3 Songs by Johnny Cash That Will Make You Cry

Johnny Cash is famous for singing tales of rambling outlaws, tender ballads, and hymns drawn from the Bible.

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He’s a legendary voice of American music, but his last years impacted a new generation of music fans with unadorned and fragile albums. Cash’s final recordings are full of tear-jerking reflection, and the songs put a new perspective on familiar themes.

Here are three songs by Johnny Cash that will make you cry.

“I’m So Lonesome I Could Cry” from American IV: The Man Comes Around (2002)

Cash duets with Nick Cave on Hank Williams’ despairing ballad over tender guitar chords and sparse piano. The lower register of Cash and Cave’s talk-singing adds weight to the lonely country standard—echoing Williams’ intention for the words to be spoken.

Like the rest of Cash’s American series, producer Rick Rubin leaves only what’s necessary in the arrangements, allowing the duo to tap into the song’s essence. Cash is famous for elevating songs he didn’t write, but he was much more than a great interpreter. He had the extraordinary ability to make popular songs his own. “I’m So Lonesome I Could Cry” is as beautiful as any lyric ever written.

Hear that lonesome whippoorwill
He sounds too blue to fly
The midnight train is whining low
I’m so lonesome, I could cry

“Redemption Day” from American VI: Ain’t No Grave (2010)

When Sheryl Crow included “Redemption Day” on her second studio album, she placed it behind her massive hit “If It Makes You Happy” in the track listing. It’s a song many outside the diehards may have overlooked in light of Crow’s ubiquitous radio singles at the time.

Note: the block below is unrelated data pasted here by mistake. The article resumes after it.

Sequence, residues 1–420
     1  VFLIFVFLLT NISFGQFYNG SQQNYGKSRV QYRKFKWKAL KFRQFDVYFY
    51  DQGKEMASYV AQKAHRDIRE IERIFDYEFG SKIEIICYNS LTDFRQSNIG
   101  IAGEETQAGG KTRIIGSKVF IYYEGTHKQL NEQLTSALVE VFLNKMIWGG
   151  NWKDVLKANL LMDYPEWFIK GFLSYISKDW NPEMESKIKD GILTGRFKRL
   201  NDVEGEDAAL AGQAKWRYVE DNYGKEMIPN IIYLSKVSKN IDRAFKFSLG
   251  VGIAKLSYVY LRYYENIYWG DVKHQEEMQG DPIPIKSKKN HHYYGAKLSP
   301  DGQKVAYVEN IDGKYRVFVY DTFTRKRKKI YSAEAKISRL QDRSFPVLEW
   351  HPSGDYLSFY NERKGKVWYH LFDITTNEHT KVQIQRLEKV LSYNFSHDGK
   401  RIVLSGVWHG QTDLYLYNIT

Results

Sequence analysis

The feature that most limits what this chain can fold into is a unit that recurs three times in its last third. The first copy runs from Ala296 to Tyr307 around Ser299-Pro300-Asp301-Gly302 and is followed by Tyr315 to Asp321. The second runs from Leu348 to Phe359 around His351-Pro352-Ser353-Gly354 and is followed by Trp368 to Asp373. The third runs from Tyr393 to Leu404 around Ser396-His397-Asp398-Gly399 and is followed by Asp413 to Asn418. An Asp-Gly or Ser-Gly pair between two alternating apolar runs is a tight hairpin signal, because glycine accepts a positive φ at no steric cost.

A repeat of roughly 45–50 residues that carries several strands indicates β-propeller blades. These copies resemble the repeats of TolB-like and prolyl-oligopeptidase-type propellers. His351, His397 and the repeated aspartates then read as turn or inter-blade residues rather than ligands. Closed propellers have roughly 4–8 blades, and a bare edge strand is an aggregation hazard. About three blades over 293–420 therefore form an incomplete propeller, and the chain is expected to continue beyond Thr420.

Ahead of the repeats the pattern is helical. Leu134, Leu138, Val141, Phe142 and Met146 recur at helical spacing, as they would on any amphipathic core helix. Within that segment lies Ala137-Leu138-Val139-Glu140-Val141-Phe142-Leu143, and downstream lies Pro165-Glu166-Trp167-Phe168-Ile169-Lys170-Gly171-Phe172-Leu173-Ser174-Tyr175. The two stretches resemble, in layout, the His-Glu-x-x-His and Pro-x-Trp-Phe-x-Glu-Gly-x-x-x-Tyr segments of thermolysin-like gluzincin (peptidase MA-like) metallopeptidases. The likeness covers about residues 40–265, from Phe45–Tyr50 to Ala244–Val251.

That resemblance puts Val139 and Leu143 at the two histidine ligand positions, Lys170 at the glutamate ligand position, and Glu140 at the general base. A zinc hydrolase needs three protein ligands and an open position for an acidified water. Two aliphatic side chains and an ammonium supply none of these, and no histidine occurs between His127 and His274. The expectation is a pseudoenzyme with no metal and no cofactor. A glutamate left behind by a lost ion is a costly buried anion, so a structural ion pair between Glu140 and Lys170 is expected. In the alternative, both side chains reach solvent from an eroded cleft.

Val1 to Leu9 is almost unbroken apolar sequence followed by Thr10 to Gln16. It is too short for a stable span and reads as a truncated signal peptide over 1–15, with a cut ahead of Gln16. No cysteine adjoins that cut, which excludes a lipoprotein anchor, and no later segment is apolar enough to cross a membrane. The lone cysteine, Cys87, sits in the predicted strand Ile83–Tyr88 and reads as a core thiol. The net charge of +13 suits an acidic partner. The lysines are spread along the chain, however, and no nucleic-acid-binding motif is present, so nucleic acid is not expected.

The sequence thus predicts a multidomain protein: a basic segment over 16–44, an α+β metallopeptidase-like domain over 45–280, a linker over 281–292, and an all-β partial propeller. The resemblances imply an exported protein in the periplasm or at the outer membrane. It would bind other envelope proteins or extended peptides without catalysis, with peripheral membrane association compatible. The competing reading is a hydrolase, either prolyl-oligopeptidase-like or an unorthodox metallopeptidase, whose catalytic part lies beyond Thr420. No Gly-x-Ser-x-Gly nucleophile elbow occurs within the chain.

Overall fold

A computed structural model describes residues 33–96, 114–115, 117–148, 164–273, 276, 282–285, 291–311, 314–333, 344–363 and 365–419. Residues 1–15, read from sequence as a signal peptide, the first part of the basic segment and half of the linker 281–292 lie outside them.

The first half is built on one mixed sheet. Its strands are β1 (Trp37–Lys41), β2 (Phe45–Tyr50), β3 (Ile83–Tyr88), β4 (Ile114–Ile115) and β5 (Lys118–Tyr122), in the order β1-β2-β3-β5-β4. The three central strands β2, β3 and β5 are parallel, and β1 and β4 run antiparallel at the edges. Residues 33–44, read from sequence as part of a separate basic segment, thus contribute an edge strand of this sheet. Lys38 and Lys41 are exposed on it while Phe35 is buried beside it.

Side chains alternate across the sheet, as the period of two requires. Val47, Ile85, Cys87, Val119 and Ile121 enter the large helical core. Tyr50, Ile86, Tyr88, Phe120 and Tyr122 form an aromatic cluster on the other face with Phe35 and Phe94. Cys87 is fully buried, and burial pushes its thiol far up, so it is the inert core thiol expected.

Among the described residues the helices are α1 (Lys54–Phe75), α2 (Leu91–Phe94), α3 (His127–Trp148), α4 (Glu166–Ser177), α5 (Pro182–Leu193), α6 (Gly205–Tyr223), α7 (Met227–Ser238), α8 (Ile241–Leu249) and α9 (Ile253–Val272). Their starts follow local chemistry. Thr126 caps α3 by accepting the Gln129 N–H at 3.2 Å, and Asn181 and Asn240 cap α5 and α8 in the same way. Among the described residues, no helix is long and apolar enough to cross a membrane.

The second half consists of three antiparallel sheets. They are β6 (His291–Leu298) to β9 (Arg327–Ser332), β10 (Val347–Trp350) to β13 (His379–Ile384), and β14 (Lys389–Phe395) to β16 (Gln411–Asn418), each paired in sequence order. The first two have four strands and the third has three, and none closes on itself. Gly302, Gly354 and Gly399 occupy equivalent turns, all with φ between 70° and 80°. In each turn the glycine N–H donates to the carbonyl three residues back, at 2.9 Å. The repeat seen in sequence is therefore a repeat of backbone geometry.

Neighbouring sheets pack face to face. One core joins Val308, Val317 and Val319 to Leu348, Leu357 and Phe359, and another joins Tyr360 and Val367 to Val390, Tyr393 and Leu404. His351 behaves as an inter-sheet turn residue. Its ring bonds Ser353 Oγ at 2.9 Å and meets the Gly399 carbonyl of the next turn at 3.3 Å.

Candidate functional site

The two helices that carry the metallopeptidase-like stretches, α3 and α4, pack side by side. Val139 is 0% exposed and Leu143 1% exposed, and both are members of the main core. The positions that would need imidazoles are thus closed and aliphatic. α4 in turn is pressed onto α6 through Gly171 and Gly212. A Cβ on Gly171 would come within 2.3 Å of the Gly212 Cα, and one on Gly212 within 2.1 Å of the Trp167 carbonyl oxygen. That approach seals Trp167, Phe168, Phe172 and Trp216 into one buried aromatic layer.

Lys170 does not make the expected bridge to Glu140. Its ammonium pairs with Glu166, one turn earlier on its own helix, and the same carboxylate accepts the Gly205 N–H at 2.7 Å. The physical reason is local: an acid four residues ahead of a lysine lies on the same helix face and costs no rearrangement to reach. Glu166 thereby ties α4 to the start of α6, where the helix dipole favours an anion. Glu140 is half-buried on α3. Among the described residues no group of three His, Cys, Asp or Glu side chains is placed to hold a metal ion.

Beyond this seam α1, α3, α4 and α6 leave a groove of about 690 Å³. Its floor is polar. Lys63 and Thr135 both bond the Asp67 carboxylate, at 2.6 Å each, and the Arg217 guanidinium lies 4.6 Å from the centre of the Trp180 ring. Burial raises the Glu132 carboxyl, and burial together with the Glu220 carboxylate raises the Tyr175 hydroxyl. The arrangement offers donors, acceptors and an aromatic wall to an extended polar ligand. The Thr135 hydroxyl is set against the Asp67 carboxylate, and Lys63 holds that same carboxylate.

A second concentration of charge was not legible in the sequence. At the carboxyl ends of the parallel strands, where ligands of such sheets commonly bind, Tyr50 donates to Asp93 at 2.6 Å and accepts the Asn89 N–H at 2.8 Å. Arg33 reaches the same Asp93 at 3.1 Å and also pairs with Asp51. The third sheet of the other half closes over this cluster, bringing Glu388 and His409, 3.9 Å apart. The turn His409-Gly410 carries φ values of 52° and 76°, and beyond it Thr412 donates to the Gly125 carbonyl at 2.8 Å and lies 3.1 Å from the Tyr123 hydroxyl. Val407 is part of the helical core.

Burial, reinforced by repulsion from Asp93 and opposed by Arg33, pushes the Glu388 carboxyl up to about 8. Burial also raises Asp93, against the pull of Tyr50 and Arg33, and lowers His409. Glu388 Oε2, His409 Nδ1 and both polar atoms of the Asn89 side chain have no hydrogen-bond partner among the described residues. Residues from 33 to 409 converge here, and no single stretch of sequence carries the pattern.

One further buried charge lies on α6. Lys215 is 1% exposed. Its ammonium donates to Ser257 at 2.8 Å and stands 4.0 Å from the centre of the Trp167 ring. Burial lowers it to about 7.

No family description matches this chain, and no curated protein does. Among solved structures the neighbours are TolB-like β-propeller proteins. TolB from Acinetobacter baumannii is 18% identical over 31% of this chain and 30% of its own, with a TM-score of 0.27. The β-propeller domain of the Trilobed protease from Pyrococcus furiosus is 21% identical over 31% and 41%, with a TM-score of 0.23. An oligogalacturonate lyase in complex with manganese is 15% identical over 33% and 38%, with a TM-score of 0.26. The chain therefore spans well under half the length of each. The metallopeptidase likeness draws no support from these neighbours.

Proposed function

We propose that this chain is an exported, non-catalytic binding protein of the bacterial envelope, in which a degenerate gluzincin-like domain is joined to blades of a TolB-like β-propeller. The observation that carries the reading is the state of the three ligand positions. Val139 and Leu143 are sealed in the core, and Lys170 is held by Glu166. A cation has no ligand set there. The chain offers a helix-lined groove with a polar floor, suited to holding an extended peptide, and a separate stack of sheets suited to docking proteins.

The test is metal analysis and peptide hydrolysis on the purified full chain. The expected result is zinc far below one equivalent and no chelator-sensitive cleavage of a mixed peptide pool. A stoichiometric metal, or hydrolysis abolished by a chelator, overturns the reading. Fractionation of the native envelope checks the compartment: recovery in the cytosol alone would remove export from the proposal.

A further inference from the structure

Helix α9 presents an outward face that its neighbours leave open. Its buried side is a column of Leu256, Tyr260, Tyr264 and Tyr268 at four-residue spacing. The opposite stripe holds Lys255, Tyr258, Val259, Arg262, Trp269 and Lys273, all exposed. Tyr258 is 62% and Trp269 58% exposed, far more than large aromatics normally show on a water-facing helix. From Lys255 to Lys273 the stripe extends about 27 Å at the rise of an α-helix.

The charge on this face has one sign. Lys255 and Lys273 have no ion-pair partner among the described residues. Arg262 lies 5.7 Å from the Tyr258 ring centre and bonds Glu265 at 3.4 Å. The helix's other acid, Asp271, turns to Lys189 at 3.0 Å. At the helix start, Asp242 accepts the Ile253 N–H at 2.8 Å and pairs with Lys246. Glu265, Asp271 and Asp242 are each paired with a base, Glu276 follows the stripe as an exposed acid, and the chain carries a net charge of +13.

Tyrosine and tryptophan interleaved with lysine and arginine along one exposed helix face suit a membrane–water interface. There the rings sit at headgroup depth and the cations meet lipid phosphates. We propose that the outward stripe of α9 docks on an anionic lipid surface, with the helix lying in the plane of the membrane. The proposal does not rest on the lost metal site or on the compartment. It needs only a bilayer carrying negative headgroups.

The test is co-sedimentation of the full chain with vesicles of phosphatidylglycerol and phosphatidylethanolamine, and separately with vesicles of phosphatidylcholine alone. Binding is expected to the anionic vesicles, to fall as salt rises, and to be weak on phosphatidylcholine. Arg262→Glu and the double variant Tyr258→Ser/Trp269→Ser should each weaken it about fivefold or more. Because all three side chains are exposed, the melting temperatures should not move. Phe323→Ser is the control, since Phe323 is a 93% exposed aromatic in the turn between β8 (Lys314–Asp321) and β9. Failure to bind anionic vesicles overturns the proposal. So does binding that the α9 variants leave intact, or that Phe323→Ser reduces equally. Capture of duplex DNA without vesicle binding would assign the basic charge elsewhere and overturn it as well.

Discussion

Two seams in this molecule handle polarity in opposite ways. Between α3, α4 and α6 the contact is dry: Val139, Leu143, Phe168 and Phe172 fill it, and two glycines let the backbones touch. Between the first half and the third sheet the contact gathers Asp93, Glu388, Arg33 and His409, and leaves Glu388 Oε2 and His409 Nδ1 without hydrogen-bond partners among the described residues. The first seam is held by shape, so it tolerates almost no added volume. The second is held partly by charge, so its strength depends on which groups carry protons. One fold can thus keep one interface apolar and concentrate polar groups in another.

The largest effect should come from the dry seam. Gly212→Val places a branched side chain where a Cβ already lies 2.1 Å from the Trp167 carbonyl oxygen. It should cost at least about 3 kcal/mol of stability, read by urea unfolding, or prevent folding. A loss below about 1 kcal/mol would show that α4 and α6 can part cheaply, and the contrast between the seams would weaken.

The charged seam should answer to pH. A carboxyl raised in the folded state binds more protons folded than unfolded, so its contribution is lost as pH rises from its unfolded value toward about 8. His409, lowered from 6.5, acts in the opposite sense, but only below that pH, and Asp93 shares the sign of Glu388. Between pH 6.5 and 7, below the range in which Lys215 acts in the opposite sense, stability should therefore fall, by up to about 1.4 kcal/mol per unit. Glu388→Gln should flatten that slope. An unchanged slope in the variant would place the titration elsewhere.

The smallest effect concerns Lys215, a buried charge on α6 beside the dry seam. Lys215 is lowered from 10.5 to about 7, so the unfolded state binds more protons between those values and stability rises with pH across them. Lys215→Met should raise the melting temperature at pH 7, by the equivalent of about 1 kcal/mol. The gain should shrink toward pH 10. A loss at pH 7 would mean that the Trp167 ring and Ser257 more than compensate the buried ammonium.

However, Cash’s version was recorded within the final months of his life. He sings about a world burning while sharpening his lens on the short-sightedness of greed. Crow’s original appeared in the prime of her life, and it sounds earnest and idealistic. But Cash sounds like the wise elder—an old prophet trying one final time to warn the world of its calamity. “Redemption Day” is evidence of Crow’s timeless songwriting and Cash’s enduring voice.

I’ve wept for those who suffer long
But how I weep for those who’ve gone
In rooms of grief and questioned wrong
But keep on killing

“Hurt” from American IV: The Man Comes Around (2002)

There’s a moment when something is so beautiful and the love so intense it becomes painful. It’s the same thing where laughter and crying look similar with the sound turned off. Cash transformed Trent Reznor’s solitary lament into a recording so devastatingly beautiful that it left the Nine Inch Nails frontman silent after watching the video. Reznor said the song wasn’t his anymore.

Mark Romanek directed the video, which flashes through a montage of Cash’s life. The footage shows weary resignation, the temporary nature of being, and the futility of achievements when put against fleeting time. American IV was Cash’s final album released in his lifetime. The Man in Black singing “Hurt” while standing at the doorstep of mortality is profoundly sad. It may be the most heartbreaking song ever recorded.

I hurt myself today
To see if I still feel
I focus on the pain
The only thing that’s real

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Photo by Scott Gries/Getty Images

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